Produced-Water-Chemistry History Matching in the Janice Field
- Oscar Vazquez (Heriot Watt University) | Callum Young (Maersk Oil) | Vasily Demyanov (Heriot-Watt University) | Dan Arnold (Heriot-Watt University) | Andrew Fisher (Maersk Oil) | Alasdair MacMillan (Maersk Oil) | Michael Christie (Heriot-Watt University)
- Document ID
- Society of Petroleum Engineers
- SPE Reservoir Evaluation & Engineering
- Publication Date
- November 2015
- Document Type
- Journal Paper
- 564 - 576
- 2015.Society of Petroleum Engineers
- history matching, Produced water chemistry, Tracers
- 2 in the last 30 days
- 309 since 2007
- Show more detail
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Produced-water-chemistry (PWC) data are the main sources of information to monitor scale precipitation in oilfield operations. Chloride concentration is used to evaluate the seawater fraction of the total produced water per producing well and is included as an extra history-matching constraint to reevaluate a good conventionally history-matched (HM) reservoir model for the Janice field. Generally, PWC is not included in conventional history matching, and this approach shows the value of considering the nature of the seawater-injection front and the associated brine mixing between the distinctive formation water and injected seawater.
Adding the extra constraint resulted in the reconceptualization of the reservoir geology between a key injector and two producers. The transmissibility of a shale layer is locally modified within a range of geologically consistent values. Also, a major lineament is identified which is interpreted as a northwest/southeast-trending fault, whereby the zero transmissibility of a secondary shale in the Middle Fulmar is locally adjusted to allow crossflow. Both uncertainties are consistent with the complex faulting known to exist in the region of the targeted wells. Other uncertainties that were carried forward to the assisted-history-matching phase included water allocation to the major seawater injectors; thermal fracture orientation of injectors; and the vertical and horizontal permeability ratio (Kv/Kh) of the Fulmar formation.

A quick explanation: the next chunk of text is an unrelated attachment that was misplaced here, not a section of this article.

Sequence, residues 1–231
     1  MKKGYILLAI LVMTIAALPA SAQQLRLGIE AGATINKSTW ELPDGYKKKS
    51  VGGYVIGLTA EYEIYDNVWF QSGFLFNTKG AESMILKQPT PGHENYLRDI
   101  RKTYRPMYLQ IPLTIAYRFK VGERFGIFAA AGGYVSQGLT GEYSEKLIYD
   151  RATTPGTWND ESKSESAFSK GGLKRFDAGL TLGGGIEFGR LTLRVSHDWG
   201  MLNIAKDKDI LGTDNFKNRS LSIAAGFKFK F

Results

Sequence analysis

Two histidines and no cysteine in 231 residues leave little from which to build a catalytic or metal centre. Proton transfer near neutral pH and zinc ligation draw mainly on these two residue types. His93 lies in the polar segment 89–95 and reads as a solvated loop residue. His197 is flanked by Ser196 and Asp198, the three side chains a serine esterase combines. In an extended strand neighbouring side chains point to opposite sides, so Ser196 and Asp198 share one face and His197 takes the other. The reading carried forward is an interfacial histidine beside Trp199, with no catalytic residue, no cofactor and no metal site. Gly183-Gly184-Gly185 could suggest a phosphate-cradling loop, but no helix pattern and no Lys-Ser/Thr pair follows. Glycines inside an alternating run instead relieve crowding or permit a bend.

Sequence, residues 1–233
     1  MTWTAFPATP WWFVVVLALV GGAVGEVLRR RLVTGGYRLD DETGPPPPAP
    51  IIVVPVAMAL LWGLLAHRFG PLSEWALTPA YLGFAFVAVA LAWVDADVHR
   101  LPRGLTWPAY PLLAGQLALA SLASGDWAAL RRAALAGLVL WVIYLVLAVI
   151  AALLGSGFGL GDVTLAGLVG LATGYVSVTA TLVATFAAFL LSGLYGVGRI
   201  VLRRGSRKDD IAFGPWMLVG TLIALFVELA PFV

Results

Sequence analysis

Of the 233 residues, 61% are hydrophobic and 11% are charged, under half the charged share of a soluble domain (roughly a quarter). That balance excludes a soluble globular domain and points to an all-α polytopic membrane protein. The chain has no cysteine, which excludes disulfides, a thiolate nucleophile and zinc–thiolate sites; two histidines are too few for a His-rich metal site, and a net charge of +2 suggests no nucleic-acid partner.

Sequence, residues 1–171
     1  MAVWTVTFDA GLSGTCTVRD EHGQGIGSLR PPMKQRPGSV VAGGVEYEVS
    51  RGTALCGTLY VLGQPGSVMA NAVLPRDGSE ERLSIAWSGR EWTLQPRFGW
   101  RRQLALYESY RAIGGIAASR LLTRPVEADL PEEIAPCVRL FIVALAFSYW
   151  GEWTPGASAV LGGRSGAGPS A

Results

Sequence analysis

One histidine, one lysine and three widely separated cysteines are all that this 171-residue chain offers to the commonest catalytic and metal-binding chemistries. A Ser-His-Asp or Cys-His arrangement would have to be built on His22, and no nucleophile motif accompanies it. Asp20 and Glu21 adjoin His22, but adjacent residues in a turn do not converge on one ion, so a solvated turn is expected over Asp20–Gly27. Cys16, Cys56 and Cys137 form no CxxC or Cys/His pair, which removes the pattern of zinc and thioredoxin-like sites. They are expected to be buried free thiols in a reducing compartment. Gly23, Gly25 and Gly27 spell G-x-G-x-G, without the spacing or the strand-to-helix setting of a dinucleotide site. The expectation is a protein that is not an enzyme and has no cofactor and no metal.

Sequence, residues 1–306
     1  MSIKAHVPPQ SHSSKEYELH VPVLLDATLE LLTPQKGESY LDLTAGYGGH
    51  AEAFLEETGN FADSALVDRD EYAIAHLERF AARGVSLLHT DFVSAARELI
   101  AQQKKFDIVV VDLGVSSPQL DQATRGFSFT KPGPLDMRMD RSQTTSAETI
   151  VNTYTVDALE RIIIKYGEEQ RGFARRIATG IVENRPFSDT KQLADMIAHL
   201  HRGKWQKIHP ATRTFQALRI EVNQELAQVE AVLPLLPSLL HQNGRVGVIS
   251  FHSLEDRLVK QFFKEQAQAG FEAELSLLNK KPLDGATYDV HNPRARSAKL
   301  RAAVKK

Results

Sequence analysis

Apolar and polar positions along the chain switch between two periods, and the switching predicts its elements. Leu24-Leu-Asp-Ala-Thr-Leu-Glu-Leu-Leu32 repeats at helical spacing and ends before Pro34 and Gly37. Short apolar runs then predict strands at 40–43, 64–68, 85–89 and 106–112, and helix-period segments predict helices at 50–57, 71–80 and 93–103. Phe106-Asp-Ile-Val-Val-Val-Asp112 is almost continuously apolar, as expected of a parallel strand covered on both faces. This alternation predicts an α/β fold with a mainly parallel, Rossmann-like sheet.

Finally, a stochastic particle-swarm-optimization (PSO) algorithm is used to generate an ensemble of HM models with seawater fraction as an extra constraint in the misfit definition. Use of additional data in history matching has improved the original good HM solution. Field oil-production rate is interpreted as improved over a key period, and although no obvious improvement was observed in field water-production rate, seawater fraction in a number of wells was improved.
|File Size||1 MB||Number of Pages||13|
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